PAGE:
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The Last Tribute: Chapter Twenty - The Phantom Librarian
Spewing out too many words since November 2003
fernwithy
fernwithy
The Last Tribute: Chapter Twenty
Katniss has knocked Peeta out, and is preparing for the feast.

Chapter Twenty
Merle Undersee calls me from Twelve at around eight o'clock. They've cancelled school tomorrow, so Peeta and Katniss's friends and family don't have to pretend to be worried about math tests during the Feast.

"The bakery has to stay open, of course," he says, and I can see by the unconscious curl of his lip the hatred that the merchants have for this rule. The mines can run without an individual worker, if he decides to let them dock his pay for a day, but the shops have to stay open no matter what. Merle shakes it off. "Some of the older boys' friends are watching it, so Danny doesn’t have to, at least."

"And Ruth?"

"She's never exactly had steady business, and right now, no one's bothering her except the media."

"Good."

He looks over his shoulder toward a window that looks out on the square. "Haymitch… I don't know if it makes any difference, but they're waiting up with her out there. All the kids from school. Her friends from the Hob. Her family. Peeta's family. Everyone's in the square. Together."

I understand what he's really saying -- the town and the Seam, so often at one another's throats, are holding a vigil as one family.

"My wife wanted you to know," he adds. It's another loaded statement. He doesn't often talk about Kay as Maysilee's sister, for obvious reasons, but I know that it's the only reason she'd want to send me a message. It was Maysilee's dream, to have the whole district together.

I nod. "You give Kay my love," I tell him.

"I'll do that. They're out there. Kay and Madge. I'm going to join them."

We hang up.

"Isn't that lovely?" Effie says, looking up at the main screen, where I can now see what might well be all of District Twelve gathered together, a blanket of people covering the square. Some who are further from the screen have candles that twinkle in the darkness.

"It's a first, anyway," I say.

"No, it's not," Chaff says.

"What do you mean?"

He raises his eyebrows. "They did it for you. The last night of your Games, after your ally died. When you were sitting up and trying to get past that concussion."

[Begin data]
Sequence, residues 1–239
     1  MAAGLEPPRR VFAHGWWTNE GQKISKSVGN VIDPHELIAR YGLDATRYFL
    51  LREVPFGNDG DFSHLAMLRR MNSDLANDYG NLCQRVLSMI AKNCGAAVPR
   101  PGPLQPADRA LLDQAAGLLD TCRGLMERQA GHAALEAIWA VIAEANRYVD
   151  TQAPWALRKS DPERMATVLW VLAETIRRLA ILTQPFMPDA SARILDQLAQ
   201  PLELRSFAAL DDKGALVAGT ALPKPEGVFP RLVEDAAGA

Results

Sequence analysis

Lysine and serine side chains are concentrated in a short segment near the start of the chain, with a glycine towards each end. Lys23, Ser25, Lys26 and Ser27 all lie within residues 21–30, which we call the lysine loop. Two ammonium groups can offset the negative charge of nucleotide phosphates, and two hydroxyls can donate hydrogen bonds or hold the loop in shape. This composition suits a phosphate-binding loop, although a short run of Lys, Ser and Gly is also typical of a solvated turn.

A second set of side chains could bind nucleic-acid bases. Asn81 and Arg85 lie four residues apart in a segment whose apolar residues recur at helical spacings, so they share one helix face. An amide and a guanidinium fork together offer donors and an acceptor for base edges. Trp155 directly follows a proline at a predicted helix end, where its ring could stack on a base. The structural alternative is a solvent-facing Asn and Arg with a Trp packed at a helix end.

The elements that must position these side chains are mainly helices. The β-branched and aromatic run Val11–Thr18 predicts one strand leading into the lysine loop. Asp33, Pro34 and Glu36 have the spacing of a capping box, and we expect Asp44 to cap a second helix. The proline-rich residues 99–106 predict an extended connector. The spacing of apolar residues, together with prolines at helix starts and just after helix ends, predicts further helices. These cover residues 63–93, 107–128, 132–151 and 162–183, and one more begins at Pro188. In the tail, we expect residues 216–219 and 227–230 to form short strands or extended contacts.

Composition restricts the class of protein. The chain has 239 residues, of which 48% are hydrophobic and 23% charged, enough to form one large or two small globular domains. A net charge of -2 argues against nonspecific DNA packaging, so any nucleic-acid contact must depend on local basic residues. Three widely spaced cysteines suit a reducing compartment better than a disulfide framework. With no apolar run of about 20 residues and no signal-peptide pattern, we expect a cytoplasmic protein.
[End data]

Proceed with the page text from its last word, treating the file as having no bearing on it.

"Yeah, right."

"Haymitch, I was sitting right here, watching. They sat there in the square all night. Your ally's sister was front and center, even though she was mourning."

"You never said anything."

"I assumed they told you at home."

"You don't know Twelve, Chaff. Once a thing is done, it's over. We don't talk about things like that."

Chaff looks confused -- probably the same way I look when he talks about the incomprehensible customs of District Eleven -- but I don't explain. In fact, I don't talk for a while. The idea that District Twelve rallied around me like this during the Games is completely alien. I never even suspected it. I'm not sure where to put the knowledge.

I'm not surprised that no one mentioned it. Running around bragging about having done something nice is considered in poor taste in Twelve. I don't recall ever being taught such a thing. It's just woven into the culture. Mentioning it would be like reminding a person of a debt he owes, like he's too dishonorable to remember it on his own. I imagine, if I'd tried to keep up with my town friends, I'd have picked it up by osmosis -- that's how most things like that are known in Twelve -- but I haven't exactly been on social terms with anyone.

They haven't done it since, but I haven't had a tribute keeping late hours and waiting for the dawn this late in the Games, either. Most of them have gone pretty suddenly.

But they sat up with me. I hope someone gave Mom a blanket. It was summer, but she got cold very easily by then.

I close my eyes. A moment later, I feel a warm hand on mine. Effie's. I squeeze it back.

The night passes slowly for everyone.

In the arena, Thresh booby-traps his camp, then starts a long hike around the lake, so he'll arrive at the Cornucopia from an unexpected direction.